The Commission concluded a long running financial fraud action yesterday, settling with the former CFO of Fischer Imaging Corporation, Rodney B. Johnson, and a former sales executive of the company, Robert Hoffman. SEC v. Rivelli, Civ. No. 05-CV-1039 (D. Colo. June 7, 2005).

Fischer is a medical equipment company based in Denver Colorado. The complaint alleges that Messrs. Johnson and Hoffman, along with four other defendants, participated in a scheme in which the company improperly recognized revenue. The other defendants were: Louis Rivelli, the former CEO and president; Stephen Burke, a former CFO; Teresa Ayers, chair of the audit committee; and Craig Stevenson, a senior sales executive.

Under the scheme revenue was recognized as income on sales that were not sales. Fischer product was shipped to a third party warehouse controlled by the company. Fischer paid for the storage of the product. The company also insured the equipment.

Messrs. Rivelli, Johnson, Stevenson and Hoffman were also involved in creating a policy regarding contingent sales. Under that policy revenue was recognize on sales where there were side letters. The recognition occurred before the contingency was resolved. This is contrary to GAAP. In addition, Messrs. Rivelli, Johnson and Burke were involved in the misstatement of the inventory account and other improper accounting practices. Each defendant was alleged to have furnished false or misleading documents or information to the outside auditors. Based on these factual claims the complaint alleged violations of Securities Act Section 17(a) and Exchange Act Sections 10(b), 13(a), 13(b)(2) and 13(b)(5).

To resolve the case Mr. Johnson consented to the entry of a permanent injunction prohibiting future violations of Securities Act Section 17(a), Exchange Act Sections 10(b) and 13(b)(5) and from aiding and abetting violations of Sections 13(a), 13(b)(2)(A) and 13(b)(2)(B. He also agreed to pay disgorgement of $36,761 along with prejudgment interest. A penalty was not imposed based on his financial condition. He was however barred from serving as an officer or director for five years.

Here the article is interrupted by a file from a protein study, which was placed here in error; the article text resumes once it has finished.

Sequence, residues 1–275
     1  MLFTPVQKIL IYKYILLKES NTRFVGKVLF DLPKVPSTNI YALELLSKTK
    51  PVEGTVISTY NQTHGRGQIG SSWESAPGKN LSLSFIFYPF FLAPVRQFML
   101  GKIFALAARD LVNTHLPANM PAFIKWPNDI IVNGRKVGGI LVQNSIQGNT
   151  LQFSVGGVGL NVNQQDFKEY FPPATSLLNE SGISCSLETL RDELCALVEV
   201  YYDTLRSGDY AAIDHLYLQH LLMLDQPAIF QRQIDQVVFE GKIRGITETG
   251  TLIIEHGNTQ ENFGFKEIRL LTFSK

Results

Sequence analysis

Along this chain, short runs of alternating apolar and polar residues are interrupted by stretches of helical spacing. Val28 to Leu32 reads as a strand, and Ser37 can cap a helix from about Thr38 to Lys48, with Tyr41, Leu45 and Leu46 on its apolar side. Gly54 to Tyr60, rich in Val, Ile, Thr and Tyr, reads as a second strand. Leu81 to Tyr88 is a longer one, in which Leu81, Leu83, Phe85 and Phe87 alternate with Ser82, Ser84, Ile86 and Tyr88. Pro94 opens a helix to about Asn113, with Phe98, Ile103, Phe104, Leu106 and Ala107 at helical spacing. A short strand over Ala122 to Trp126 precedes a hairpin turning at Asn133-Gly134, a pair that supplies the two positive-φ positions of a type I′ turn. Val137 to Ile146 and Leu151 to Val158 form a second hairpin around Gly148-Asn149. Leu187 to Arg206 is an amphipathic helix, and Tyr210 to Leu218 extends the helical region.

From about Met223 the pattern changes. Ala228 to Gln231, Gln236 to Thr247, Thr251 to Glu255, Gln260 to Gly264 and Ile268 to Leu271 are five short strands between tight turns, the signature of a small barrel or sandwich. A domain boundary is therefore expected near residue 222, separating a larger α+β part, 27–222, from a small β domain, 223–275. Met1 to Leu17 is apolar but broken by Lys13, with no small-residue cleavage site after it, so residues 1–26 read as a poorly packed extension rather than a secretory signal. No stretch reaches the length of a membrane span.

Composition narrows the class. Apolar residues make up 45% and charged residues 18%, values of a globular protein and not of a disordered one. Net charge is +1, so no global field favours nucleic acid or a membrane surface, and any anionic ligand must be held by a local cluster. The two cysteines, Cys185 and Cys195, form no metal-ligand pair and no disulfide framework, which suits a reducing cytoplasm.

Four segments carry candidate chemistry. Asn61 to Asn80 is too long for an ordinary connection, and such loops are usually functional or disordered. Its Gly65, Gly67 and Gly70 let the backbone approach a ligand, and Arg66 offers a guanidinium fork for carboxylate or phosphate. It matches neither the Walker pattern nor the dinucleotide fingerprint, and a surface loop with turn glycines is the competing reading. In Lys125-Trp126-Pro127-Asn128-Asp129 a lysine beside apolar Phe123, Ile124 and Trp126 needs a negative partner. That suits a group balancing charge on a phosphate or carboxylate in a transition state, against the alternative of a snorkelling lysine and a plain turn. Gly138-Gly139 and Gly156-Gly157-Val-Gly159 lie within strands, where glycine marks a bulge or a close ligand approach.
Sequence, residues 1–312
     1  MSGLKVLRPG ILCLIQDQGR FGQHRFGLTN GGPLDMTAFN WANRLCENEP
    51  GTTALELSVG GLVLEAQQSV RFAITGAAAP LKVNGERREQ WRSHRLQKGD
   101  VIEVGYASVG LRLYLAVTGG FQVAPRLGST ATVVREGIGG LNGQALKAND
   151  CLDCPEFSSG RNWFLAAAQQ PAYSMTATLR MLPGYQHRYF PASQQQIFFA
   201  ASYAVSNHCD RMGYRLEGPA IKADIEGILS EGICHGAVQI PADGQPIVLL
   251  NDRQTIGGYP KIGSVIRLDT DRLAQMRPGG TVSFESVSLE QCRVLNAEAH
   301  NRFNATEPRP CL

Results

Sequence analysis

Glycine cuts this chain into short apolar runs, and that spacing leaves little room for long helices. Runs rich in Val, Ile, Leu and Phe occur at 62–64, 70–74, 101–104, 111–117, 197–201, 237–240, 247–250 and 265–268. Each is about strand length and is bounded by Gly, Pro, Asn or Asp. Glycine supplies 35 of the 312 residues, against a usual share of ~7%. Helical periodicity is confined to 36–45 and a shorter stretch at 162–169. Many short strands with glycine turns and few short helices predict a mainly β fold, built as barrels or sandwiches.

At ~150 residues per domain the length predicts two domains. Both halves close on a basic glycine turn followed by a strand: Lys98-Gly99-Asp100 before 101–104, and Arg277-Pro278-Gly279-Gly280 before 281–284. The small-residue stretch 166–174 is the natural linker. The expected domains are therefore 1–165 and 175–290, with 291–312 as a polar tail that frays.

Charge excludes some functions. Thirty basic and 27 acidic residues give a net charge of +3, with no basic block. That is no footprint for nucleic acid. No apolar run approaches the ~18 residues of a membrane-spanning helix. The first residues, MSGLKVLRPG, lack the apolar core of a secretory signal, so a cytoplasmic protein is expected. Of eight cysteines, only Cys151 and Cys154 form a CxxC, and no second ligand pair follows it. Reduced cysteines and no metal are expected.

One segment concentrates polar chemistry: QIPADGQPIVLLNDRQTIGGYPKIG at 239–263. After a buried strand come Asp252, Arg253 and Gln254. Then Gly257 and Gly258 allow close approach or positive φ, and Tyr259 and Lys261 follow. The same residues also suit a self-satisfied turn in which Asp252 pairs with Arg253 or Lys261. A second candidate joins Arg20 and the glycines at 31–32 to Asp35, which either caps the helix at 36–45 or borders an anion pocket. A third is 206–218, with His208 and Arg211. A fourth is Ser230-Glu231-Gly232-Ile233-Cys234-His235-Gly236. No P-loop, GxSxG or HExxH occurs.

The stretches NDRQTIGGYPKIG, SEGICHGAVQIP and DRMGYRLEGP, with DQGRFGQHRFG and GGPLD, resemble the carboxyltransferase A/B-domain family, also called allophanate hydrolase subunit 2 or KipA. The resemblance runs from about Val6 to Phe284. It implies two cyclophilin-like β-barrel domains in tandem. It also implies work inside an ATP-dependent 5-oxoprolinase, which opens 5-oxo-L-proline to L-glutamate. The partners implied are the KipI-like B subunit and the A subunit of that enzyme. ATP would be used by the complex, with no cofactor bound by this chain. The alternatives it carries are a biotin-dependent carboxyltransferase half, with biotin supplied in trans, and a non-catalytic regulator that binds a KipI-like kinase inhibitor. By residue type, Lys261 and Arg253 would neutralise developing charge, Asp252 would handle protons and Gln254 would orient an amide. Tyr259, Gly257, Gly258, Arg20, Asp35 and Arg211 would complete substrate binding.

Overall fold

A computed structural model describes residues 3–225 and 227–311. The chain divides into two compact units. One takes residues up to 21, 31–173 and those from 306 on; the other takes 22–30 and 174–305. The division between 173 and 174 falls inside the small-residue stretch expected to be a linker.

Mr. Hoffman settled by consenting to the entry of a permanent injunction prohibiting him from aiding and abetting violations of Exchange Act Section 13(a). The Commission dismissed claims against Mr. Hoffman for aiding and abetting violations of Exchange Act Section 10(b) according to Litigation Release No. 3238 (Feb. 2, 2011).

In resolving the case the Commission also dropped claims that Messrs. Johnson and Hoffman obtained “substantial personal profits as a result of their participation in Fischer’s material misstatements . . . “ As to Mr. Johnson this was about $191,000 from the sale of options. As to Mr. Hoffman this was bonuses of at least $80,000 and net profits on the sale of options of about $81,000. The Commission also dropped claims based on Securities Act Section 17(a) and Exchange Act Sections 13(b)(2) and 13(b)(5) as to Mr. Hoffman.

Previously the Commission settled with each of the other individual defendants. The year prior to filing this action, the SEC settled in an administrative proceeding with the Company.